Literary Enemies: Chimamanda Ngozi Adichie vs. Maud Casey
Disclaimer: I bet they’d love each other.
There are two authors who have a special place on the fiction shelves at the bookstore where I work. The first is Chimamanda Ngozi Adichie, though “on the fiction shelves” isn’t quite an accurate locution in her case, since we can’t actually keep her books on the shelves. At least three-quarters of our customers pick up Americanah, and a hell of a lot of those customers take it home. I have a line ready and waiting for them: “Reading Americanah is like having an exceptionally intelligent best friend.” And it’s true.
But Adichie is an international literary superstar. She splits her time between the U.S. and Nigeria. She is not going to walk into our store. (Though certain other international superstars have.) Maud Casey, on the other hand, is a regular customer. She lives nearby. When I read her books while at work, as I frequently do, I always wonder if she’s going to come in and catch me in the act. It’s like walking my dog past my crush’s house in high school, which was a habit of mine. I was always terrified he would look out the window and see me, and yet I wanted nothing more.
There are not many novels that everybody who works at this bookstore loves. Americanah is one. Casey’s The Man Who Walked Away is another. (Shout-out to the third, Valeria Luiselli’s The Story of My Teeth, about which I’ve written elsewhere.) My favorite of Casey’s three books, though, is her debut novel, The Shape of Things to Come, and it is the one that I think plays best with Americanah, which, yes, is my favorite of Adichie’s.
In the first few pages of The Shape of Things to Come, the protagonist, Isabelle, finds herself unable to “deny life’s weight,” as she puts it. She’s
always harbored hope for better things, operating on the guarantee theory: Eventually you find yourself in that home, with that husband, with some small children who need you—at the very least to reach things for them—with a job that makes you occasionally happy… But today my quivering reflection says to me: It is conceivable that you will work at the phone company and go home to Jell-O for the rest of your life.
Her response to this realization is to photocopy her naked body until her boss walks in and fires her. She then moves home to Standardsville, Illinois, where she lives with her mother, befriends her lonely across-the-street neighbor, and embarks on a terrible temp job and a terrible semi-courtship that both involve wigs. I hope that it is clear to you by now that The Shape of Things to Come is an exceptionally funny book, and an exceptionally sad one, too.
Americanah is not sad at all, and Adichie’s humor isn’t sly like Casey’s. Nothing in Americanah is bleak. Although it’s frequently bittersweet, and its protagonist, Ifemelu, is often and rightfully angry, the novel is suffused with a kind of early-Obama optimism. The 2008 election, in fact, is a key part of the book. Ifemelu and her American boyfriend Blaine survive a major fight,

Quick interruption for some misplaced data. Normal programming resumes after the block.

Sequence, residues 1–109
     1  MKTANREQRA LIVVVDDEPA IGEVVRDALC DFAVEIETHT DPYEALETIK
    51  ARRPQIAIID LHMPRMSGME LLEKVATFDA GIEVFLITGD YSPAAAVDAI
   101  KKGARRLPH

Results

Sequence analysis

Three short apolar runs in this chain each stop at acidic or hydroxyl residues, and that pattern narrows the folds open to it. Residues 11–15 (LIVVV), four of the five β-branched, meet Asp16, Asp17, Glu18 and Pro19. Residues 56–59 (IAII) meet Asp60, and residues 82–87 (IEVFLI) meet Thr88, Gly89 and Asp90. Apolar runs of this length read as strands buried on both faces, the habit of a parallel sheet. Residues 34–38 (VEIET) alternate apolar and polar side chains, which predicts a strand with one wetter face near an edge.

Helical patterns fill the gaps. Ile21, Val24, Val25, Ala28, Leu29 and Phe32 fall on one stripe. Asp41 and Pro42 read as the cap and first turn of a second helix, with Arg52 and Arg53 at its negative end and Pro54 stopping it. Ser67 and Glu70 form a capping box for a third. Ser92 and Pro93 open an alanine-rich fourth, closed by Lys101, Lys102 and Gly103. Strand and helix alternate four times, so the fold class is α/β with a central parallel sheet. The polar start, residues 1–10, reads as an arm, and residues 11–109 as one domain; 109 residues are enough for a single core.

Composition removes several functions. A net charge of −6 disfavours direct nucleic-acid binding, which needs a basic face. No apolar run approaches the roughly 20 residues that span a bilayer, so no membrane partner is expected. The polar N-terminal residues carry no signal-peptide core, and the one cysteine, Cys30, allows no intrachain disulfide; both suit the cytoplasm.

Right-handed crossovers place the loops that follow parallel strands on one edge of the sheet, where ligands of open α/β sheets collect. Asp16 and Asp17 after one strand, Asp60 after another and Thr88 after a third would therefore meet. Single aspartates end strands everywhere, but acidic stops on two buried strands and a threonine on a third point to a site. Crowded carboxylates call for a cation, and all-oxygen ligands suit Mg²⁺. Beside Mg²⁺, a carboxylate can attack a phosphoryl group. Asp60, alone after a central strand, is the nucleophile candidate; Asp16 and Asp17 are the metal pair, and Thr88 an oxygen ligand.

“mostly because of Barack Obama … On election night, before Blaine kissed her, his face wet with tears, he held her tightly as though Obama’s victory was also their personal victory.”
On her blog, Raceteenth, Ifemelu writes about Obama and about Michelle, glorying
“in the off-beat dryness of Michelle Obama’s humor, the confidence in her long-limbed carriage.”
There’s some off-beat dryness in Adichie’s humor, too, but it’s not nearly as off or as dry as Casey’s.
In fact, there is rarely much off about Adichie’s characters. Half of a Yellow Sun and Purple Hibiscus are sadder than Americanah, even tragic, but their characters don’t get derailed. And Ifemelu—well, she’s not a protagonist, she’s a heroine. She is brilliant and beautiful and empathetic and she learns from her mistakes. That last is important: she makes mistakes. She’s not unreal. She’s the best of the real.
I’ve only encountered one other heroine like Ifemelu: Jane Villanueva, the title character on Jane the Virgin, which is an absolutely stellar TV show. I tend to describe it as a meta-telenovela, and depending on who you are and how bad a day you’ve had, you can watch it with or without the prefix. It’s a show that can be gobbled up like candy or slowly and rigorously analyzed, and the same is true for Americanah. The first time I picked it up, I read it all the way through in a state of total human delight. Contrast: I can’t read more than two of the stories in Maud Casey’s collection Drastic without bursting into tears.
This is not to say that Adichie is only happy and Casey is only sad. But in Americanah, Adichie is playing with happy tropes. She’s taking on the marriage plot; you could say she’s writing a meta-romantic comedy. It’s certainly a love story. There’s plenty of dating in The Shape of Things to Come, and some sex, but the only person Isabelle needs to fall in love with is herself.